Question Unsure whether to remove broken Linux installation in dual-boot mode with Win 10 before cloning to SSD

xzahn

Reputable
Sep 3, 2014
53
0
4,540
1
Hi folks,

I have a dual-boot setup with Win 10 and Elementary OS Juno in the HDD of my Lenovo Y700. The Linux worked great for a few weeks, then it started booting up to initramfs. I tried a bunch of commands I find online but none worked.

Last week I installed an SSD (970 Evo+ 500GB) and I want ideally to move the dual-boot setup to the SSD and leave the HDD for storage. However, I'm not sure what is the best way to do that. I checked my partition setup and for some reason, it looks like a mess.

Disk Management



AOMEI



I'm not sure If that's how it's supposed to be. Maybe it has something to do with why Linux does not work. I surely did not set it like that when I installed the Linux.

As far as I can tell, I have two options.

1. Repair the Linux and clone the entire dual-boot setup to the SSD. Not sure how that would work though, especially when my partitions look like that. I could repair the Linux with a USB drive but which partition do I clone to the SSD. The C:\ drive for the Windows and what else?

2. Remove the Linux and clone only the Windows and then install Linux again on the SSD. I tried following the guides online, including the one provided here but it did not work. When I tried to repair the bootloader, it said it couldn't find the directory. I tried deleting the partitions in AOMEI but it said they're being used by another program and it couldn't delete them. Also, I'm not quite sure which ones are safe to delete. And why do I have two EFI partitions?

Any ideas?
 
Last edited:

USAFRet

Titan
Moderator
For others reading here, the backstory on this:

It's near impossible to tell what's going on, without a full image of your Disk Management window.
You're leaving off a bunch of stuff to the right.

Cloning the whole thing leaves it in its current exactly hosed up state, just on a different physical drive.

Personally, I would start over completely. A clean install of Windows on the SSD.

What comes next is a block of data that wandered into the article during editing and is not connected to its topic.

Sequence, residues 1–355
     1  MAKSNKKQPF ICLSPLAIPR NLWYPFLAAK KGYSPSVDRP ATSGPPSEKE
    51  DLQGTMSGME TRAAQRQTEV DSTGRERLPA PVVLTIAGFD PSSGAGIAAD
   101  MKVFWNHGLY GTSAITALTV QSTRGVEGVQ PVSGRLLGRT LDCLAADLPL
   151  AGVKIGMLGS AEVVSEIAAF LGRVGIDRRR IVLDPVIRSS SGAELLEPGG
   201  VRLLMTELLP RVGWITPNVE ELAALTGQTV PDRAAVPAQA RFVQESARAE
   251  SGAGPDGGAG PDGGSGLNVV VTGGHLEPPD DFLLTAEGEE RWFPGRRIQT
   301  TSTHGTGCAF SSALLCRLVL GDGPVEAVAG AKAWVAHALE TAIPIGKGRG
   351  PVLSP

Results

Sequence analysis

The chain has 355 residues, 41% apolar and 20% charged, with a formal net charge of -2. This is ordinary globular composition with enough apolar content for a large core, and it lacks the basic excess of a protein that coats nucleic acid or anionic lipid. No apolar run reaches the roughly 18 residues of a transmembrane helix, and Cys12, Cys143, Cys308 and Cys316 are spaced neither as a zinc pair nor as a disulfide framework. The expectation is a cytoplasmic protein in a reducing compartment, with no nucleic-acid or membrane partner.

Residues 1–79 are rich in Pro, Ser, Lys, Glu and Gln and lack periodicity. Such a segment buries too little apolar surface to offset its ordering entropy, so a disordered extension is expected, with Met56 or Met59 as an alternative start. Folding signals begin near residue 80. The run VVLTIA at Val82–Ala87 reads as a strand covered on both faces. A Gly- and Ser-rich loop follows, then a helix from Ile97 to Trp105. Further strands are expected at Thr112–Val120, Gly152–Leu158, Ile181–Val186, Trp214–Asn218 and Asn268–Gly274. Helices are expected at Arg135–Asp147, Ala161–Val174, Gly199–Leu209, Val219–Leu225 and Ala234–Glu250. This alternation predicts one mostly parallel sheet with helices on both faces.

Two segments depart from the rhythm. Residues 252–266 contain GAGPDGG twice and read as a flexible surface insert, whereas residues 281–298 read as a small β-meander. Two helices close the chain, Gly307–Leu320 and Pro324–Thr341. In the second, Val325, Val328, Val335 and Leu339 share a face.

Then a clean install of Elementary on whatever drive you wish.
 

AllanGH

Commendable
Mar 10, 2019
1,752
338
1,640
49
...a clean install of {some Linux distro} on whatever drive you wish.
This raises a good point...
These dual-booting scenarios always seem to work-out better if you do your windows-whatever installation on the primary boot drive, and an installation of Linux into a secondary drive, with the boot loader menu on the primary drive.

Theoretically-speaking, you can hose your Linux installation into the ground, and do a re-install without affecting your windows installation. Unfortunately, though, a re-installation of windows (which is far more likely to be necessary than it is with Linux) will hammer your boot loader, and require a re-installation of the boot loader, accounting for the presence of both OSses.

If your BIOS provides isolation and selection of fully bootable OSses, on two separate drives, this would certainly be worth looking into, instead of playing boot loader games.
 

xzahn

Reputable
Sep 3, 2014
53
0
4,540
1
It's near impossible to tell what's going on, without a full image of your Disk Management window.
You're leaving off a bunch of stuff to the right.

Cloning the whole thing leaves it in its current exactly hosed up state, just on a different physical drive.

Personally, I would start over completely. A clean install of Windows on the SSD.
Then a clean install of Elementary on whatever drive you wish.
Unfortunately, re-installing Windows at this point would be quite inconvenient. However, I could install another Windows on the SSD and keep the one on the HDD as is.

Also, does the list at the top of the image not show all the necessary information? Why do you need the bottom part? It actually shows less information than the top part. :rolleyes:

If your BIOS provides isolation and selection of fully bootable OSses, on two separate drives, this would certainly be worth looking into, instead of playing boot loader games.
How do I figure that out? I haven't updated my BIOS so it should be the one the laptop came with (CDCN27WW, I think).
 

USAFRet

Titan
Moderator
Unfortunately, re-installing Windows at this point would be quite inconvenient. However, I could install another Windows on the SSD and keep the one on the HDD as is.

Also, does the list at the top of the image not show all the necessary information? Why do you need the bottom part? It actually shows less information than the top part. :rolleyes:
It is never a convenient time to have to reinstall an OS.
However, when things are in a badly broken state, it is the best thing to do.

Sure, you could do a clean install on the SSD. But you really need to "fix" the HDD contents.

As far as that screencap showing 'everything'? No. It needs both the top and bottom.
For instance, what physical drive are partitions E and F on? We had this same discussion in your other thread.
 

ASK THE COMMUNITY

TRENDING THREADS

Latest posts